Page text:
The Researcher Journey: Finding that needle in the ever-growing haystack

How long does it take to find the information you need?

The Researcher Journey - Click to view full-sizeWe recently carried out a survey with more than 4,500 researchers to find out more about their journey of search and discovery. It covered areas such as where researchers begin, how they retrieve information, how long it takes, and how many platforms they use to find it. As I scanned through the results I couldn’t help reflecting on my first research project and how things have changed…

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Back in the days

The year was 1998 and I was working on my final year research project at university. I was given the task of optimizing the production of the enzyme Subtilisin using the bacteria Bacillus subtilis. This was at a time when there was no Google, ScienceDirect or PubMed Central (Oh, how old I suddenly feel!) I recall running searches using the database in the university library. I would search for relevant articles, find out if we had the journals in stock, write down their location, walk upstairs to the journal section of the library, pass hundreds, even thousands of individual journal volumes, until I came to the correct one. I would flick through the actual physical copy of the journal until I came to the article in question and then - and only then - would I get to read it in full.

How easy researchers have it nowadays!

(…or do they?)

Just over an hourIt was interesting to see that full text services (e.g. ScienceDirect) are more likely to be a starting point now and library services less likely. This suggests that more searches happen at workstations away from the library, and that researchers know publishing sites offer this information.

The number of platforms used is also increasing and has now grown to an average of almost three per search. In other words, researchers are not just relying on one platform to deliver the answer or content they are looking for, but are regularly using up to three.

What is perhaps the most interesting takeaway from this survey is the average time it takes researchers to get from research question to exact answer; just over an hour.

At first I thought, that seems quite long. But is it really? Especially when you consider all the “distractions” that are now part of daily life such as WhatsApp messages, Facebook notifications, Skype calls, LinkedIn requests etc.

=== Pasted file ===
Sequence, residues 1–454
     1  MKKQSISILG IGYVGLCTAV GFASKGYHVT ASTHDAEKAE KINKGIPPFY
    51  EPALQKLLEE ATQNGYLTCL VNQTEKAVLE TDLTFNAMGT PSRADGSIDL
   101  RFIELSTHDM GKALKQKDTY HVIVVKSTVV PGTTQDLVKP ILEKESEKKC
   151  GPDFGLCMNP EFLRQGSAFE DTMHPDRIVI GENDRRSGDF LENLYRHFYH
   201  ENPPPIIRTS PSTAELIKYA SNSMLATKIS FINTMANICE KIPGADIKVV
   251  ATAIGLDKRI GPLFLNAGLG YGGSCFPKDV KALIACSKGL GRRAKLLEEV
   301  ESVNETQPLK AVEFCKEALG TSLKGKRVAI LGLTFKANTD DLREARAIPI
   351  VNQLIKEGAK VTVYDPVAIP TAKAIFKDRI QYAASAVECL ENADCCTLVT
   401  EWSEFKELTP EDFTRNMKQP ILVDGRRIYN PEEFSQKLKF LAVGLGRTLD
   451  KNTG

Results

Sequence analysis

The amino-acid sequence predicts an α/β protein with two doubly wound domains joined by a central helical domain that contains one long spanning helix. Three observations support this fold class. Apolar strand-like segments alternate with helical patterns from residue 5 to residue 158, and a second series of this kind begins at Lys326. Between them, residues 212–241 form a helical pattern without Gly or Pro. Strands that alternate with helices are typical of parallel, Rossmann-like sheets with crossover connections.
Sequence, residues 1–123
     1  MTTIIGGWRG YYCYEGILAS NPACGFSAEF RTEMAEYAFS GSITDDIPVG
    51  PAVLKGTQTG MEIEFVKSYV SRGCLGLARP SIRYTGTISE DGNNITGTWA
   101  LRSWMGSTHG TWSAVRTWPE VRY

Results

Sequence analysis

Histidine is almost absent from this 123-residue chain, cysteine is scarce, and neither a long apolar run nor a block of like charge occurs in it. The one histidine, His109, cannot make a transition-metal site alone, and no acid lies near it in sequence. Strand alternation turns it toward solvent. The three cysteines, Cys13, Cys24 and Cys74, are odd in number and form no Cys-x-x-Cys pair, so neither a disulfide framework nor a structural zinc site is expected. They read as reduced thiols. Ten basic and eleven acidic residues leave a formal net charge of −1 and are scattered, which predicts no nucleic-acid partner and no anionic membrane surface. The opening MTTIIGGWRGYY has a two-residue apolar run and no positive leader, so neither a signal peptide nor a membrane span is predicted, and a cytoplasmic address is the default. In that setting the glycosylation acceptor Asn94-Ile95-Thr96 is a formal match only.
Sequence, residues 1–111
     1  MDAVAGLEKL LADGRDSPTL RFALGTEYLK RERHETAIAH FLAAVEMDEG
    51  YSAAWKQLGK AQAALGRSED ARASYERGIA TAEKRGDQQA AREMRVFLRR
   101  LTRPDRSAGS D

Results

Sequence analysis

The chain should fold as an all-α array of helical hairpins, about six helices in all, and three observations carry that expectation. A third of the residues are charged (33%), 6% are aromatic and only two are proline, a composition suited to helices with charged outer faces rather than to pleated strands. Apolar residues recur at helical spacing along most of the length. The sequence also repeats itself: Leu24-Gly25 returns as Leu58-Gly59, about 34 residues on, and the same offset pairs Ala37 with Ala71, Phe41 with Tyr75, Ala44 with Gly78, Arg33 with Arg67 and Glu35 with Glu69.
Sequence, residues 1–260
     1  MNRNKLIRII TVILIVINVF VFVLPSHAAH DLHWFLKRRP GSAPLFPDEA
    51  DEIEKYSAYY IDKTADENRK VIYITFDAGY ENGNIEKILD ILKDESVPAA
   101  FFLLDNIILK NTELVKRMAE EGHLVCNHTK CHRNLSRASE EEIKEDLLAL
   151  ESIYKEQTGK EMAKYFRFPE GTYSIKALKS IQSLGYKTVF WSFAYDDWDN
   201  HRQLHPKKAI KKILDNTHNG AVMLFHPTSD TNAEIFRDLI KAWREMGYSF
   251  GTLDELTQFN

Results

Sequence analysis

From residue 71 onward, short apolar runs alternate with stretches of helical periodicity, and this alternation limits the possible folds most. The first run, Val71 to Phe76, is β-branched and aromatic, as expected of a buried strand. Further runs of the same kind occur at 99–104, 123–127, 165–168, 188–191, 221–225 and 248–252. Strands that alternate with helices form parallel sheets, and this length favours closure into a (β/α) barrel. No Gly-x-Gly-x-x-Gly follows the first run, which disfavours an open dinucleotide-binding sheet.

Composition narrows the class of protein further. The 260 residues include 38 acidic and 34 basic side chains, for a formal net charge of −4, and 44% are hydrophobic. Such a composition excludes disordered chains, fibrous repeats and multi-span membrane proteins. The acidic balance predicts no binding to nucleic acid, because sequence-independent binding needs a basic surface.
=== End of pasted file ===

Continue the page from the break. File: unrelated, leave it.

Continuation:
If we return to my research project back in 1998, even though I didn’t have a smartphone or tablet, I still had to search for the physical journal. And what if the journal wasn’t there? I would have to order it separately and wait days or even weeks for it to arrive…

Double-edged sword

While there is no question about how the internet and digitalization of content has revolutionized research, is the sheer amount of content available also making it difficult for researchers to find the right information?

If I go now to ScienceDirect and run a search on “Subtilisin” and “Bacillus subtilis” since 1998, I come across 804 results. That is almost the same number as the 100 years prior to that. Of course it has to do with the research topic itself but it gives you a sense of the explosion of information. In theory, a research student would now have twice as much to read through than I had to back in 1998.

Perhaps it’s no longer a question of finding a “needle in a haystack” but more of a question of first finding the right “haystack” to begin searching in the first place.

What do you think? Feel free to comment below.

Author biography

Darren SugrueWith a background in Biotechnology, Darren Sugrue worked in various laboratories throughout the world before he hung up his lab coat in 2006 for a career in marketing. In 2010 he joined Elsevier as Marketing Communications Manager and is currently on secondment as Researcher Communications Manager and Editor-in-Chief of Editors’ Update, Authors’ Update and Reviewers’ Update.

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